4. Every bit is available for both operation of write and read;

Case analysis

Baud rate control for SPI
The Baud rate control field from a SPI CR.

Basically, configuring that register from the beginning means compose the entire value bit after bit and write value on it. But if register is somehow already configured and we need to change only some bit-fields of it things become interesting.

As example, lets take a look to some of the SPI_CR1 bit-field descriptions to figure out what are the elementary operation that typically we need to perform dealing with registers. These operations are typically performed using bitwise operators and bit-masks. They are very commonly used when we need to act on bit-fields.

In the register description there are informations about meaning of every bit, as example the description of BR is shown in Fig. 2. This bit-field is represented by more than a bit and could be used to set SPI Clock frequency. We would act on this bit-field without edit others. Considering 1-bit length bit-fields could be interesting change their value to “1”, to “0”, toggle their value or check if their value is “1” or “0”.

Bitwise operators

Languages without an explicit Boolean data type, like C90 and Lisp, may represent truth values by some other data. For example C uses an integer type, where relational expressions like i < j and logical expressions connected by && and | | are defined to have value 1 if true and 0 if false, whereas the test parts of if, while, for, etc., treat any non-zero value as true.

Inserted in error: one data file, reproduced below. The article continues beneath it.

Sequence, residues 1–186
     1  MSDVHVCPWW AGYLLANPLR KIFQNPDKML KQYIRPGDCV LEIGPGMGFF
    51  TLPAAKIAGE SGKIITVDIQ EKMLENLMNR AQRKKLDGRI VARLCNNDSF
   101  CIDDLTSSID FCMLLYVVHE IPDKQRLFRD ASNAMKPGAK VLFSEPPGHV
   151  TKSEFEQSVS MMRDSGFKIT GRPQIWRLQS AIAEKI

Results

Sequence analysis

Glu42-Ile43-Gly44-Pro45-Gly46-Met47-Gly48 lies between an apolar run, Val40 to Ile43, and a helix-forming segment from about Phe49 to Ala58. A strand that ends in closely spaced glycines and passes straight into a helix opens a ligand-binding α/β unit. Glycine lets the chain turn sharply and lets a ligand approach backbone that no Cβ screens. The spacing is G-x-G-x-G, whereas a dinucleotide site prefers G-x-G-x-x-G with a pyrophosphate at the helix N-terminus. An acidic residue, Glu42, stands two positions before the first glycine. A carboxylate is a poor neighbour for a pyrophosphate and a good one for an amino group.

Using logical operators, operands are considered always like boolean and the operation return another boolean: using other words doesn’t matter the single bit value. So 1001, 10000, 1, -5, -6 are all treat as true and only 0 as false. For the same reason !3204 and !(-2) both return 0 as result.

In bitwise operation instead, bit value is important since that operators do the operation precisely bitwise. This operators are ones’ complement (~), bitwise OR (|), bitwise AND (&) and bitwise XOR (^). In the following example we are going to use binary notation to make things much simpler but the concepts also apply to other notations.

 * AND vs bitwise AND
0b01001010 &&           0b01001010 &